Ads for telecoms companies generated the most complaints in 2016

Ireland’s advertising watchdog says complaints increased 8% to 1,329 last year

Budweiser’s use of UFC fighter Conor McGregor in its “Dream Big” competition was one of the ads to receive a ‘cease running’ instruction from the ASAI in 2016.

Budweiser’s use of UFC fighter Conor McGregor in its “Dream Big” competition was one of the ads to receive a ‘cease running’ instruction from the ASAI in 2016.

 

Ireland’s advertising watchdog received 1,329 complaints in relation to 1,011 advertisements in 2016, a rise of 8 per cent on the year before, it said.

The Advertising Standards Authority for Ireland (ASAI), a self-regulating industry body, ruled that 102 or about 10 per cent of those ads were in breach of its code of standards.

Two-thirds of complaints were on the grounds that the ad was misleading, while 12 per cent were made on the basis that the ad was offensive.

Telecommunications companies attracted the most complaints by sector with a combined tally of 248 complaints.

Eir, Vodafone, Three Ireland and Virgin Media all had complaints upheld against their advertisements during 2016.

Leisure sector ads generated 159 complaints, while food and non-alcohol drinks ads prompted 126 complaints and ads for household goods gave rise to 125 complaints.

Health and beauty, a recent area of focus for the ASAI due to the volume of misleading claims and rise of “influencer” marketing, generated 110 complaints. Motoring was next with 99, ahead of travel/holidays with 78, the financial sector with 67 and alcohol with 27.

Compliance

Digital advertising was the medium that gave rise to the highest number of complaints, generating 586 during the year. Television and radio ads triggered 354 complaints, while out-of-home advertising was third with 118 complaints.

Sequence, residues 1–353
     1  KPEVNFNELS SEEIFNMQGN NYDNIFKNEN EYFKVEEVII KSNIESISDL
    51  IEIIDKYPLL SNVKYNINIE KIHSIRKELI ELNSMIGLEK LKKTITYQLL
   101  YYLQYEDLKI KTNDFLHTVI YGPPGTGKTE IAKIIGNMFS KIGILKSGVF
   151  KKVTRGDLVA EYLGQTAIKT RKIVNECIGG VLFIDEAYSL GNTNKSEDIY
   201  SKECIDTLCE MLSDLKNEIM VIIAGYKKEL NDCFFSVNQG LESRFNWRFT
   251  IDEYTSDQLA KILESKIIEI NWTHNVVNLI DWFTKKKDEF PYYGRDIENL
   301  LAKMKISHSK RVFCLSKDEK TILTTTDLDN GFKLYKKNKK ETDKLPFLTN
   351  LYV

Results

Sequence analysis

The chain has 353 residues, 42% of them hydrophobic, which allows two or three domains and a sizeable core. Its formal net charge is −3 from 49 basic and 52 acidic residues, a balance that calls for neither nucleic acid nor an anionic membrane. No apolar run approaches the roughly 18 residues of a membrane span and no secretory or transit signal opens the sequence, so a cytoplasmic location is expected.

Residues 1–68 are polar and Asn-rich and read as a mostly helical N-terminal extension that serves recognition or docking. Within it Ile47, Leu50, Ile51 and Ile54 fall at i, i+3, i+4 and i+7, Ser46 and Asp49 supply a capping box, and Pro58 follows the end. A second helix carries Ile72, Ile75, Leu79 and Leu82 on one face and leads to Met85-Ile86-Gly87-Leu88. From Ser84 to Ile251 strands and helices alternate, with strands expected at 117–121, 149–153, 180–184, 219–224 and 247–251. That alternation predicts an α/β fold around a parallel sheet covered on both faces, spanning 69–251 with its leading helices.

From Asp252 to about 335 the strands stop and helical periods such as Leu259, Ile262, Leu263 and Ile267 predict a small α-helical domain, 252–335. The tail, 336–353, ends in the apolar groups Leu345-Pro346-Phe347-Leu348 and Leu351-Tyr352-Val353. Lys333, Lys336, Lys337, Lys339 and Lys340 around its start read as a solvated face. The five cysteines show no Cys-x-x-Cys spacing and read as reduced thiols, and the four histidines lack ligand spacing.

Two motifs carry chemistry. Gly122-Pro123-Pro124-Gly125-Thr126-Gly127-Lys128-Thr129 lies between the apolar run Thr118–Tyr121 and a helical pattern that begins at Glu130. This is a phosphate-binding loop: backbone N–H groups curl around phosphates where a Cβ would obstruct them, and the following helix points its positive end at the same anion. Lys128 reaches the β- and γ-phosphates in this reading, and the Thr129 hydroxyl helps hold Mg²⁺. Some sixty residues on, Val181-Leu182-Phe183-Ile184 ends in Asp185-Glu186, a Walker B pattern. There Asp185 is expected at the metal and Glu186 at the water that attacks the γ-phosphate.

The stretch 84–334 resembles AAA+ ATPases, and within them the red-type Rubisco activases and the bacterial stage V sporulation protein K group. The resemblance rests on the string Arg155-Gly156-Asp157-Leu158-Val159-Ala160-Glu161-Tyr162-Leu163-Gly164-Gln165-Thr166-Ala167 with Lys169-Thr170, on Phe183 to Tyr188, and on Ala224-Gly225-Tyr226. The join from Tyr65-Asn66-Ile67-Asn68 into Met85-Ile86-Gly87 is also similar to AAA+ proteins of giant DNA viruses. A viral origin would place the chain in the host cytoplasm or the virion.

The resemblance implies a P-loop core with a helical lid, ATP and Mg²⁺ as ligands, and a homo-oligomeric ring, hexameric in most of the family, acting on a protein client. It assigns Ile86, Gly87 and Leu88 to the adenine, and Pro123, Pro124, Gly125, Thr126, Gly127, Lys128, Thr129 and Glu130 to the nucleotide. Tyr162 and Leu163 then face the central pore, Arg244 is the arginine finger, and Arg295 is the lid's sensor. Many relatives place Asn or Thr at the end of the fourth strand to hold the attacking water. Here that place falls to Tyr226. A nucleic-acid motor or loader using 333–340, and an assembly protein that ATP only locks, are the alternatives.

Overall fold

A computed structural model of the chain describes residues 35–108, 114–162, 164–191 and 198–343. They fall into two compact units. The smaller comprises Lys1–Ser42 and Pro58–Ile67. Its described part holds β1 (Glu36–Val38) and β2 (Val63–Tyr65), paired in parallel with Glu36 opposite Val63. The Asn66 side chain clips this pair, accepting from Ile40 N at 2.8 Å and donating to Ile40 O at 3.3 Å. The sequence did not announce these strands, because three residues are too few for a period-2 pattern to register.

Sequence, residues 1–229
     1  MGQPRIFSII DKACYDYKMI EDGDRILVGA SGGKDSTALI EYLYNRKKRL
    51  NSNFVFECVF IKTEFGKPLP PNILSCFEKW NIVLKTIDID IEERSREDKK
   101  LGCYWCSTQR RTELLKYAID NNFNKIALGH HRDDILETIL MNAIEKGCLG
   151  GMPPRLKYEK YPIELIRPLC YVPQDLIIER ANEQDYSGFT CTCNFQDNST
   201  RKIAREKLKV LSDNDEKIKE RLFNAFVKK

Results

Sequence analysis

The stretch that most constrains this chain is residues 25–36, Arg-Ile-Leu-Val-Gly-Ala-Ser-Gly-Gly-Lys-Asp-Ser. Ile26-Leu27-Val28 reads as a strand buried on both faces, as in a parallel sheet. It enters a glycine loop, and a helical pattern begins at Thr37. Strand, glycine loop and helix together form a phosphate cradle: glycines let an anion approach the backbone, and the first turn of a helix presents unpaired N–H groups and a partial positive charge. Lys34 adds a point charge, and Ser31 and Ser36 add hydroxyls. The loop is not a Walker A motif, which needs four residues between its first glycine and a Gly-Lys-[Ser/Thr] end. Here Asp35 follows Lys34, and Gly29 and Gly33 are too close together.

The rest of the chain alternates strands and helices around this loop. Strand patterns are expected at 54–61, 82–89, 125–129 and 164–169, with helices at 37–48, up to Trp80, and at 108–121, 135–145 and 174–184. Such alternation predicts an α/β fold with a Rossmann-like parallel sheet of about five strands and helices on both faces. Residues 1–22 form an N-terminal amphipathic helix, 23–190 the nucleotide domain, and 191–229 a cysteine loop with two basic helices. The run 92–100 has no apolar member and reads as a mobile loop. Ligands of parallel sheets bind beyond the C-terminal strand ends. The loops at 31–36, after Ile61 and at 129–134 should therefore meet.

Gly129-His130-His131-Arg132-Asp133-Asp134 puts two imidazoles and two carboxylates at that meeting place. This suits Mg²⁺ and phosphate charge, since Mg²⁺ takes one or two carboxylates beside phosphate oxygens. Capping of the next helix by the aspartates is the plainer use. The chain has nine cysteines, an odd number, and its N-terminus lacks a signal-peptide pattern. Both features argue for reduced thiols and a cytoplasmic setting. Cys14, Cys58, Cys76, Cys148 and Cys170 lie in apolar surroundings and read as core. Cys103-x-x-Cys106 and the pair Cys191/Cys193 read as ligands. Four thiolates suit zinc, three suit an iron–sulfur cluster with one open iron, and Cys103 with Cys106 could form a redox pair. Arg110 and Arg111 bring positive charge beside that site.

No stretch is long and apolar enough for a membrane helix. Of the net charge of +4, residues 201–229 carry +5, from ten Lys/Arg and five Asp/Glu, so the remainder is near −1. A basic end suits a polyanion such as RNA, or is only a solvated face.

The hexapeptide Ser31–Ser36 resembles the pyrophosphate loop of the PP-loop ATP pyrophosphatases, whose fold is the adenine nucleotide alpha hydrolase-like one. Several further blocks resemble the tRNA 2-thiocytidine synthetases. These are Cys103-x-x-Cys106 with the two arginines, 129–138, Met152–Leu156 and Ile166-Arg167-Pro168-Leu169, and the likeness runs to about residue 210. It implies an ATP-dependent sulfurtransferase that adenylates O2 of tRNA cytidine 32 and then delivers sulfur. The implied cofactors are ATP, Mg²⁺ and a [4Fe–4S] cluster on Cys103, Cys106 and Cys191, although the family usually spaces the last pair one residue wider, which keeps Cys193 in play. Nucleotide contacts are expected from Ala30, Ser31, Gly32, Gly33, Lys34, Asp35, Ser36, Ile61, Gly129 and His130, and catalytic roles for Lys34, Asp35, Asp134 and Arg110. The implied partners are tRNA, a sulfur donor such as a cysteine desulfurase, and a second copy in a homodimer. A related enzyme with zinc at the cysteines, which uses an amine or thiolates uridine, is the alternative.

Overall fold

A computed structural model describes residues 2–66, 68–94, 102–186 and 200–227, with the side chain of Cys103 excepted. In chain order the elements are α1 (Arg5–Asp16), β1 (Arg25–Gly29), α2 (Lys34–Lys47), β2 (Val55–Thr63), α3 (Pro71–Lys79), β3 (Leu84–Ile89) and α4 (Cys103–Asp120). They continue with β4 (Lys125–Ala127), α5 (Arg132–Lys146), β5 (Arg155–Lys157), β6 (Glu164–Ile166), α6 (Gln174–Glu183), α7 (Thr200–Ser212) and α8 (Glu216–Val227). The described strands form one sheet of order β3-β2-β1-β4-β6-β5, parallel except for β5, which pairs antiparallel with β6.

“The engagement with the ASAI and compliance with the adjudication of the independent complaints committee, demonstrates that advertisers in Ireland are completely on board with the ASAI in our bid to protect consumers and ensure the highest standards of advertising and marketing communications,” said chief executive Orla Twomey.

The ASAI resolved 1,376 complaints during the year, up 16 per cent, according to its annual report, with some of these complaints having been submitted the previous year.

The ASAI’s code aims to ensure that all commercial marketing communications are “legal, decent, honest and truthful”.

Competition

The main sanction available to the body is that it can order advertisers to cease running a particular ad in the same format.

Budweiser’s use of UFC fighter Conor McGregor in its “Dream Big” competition was one of the ads to receive such an instruction from the ASAI in 2016. The complaints committee agreed that the ad contravened a part of the code that states that alcohol advertising should not use “identifiable heroes or heroines of the young”. RTÉ had already refused to run the ad.

In another high-profile case last year, complaints against a string of advertisements for Sprite were upheld after sexist lines such as “she’s seen more ceilings... than Michelangelo” were found to have caused grave offence.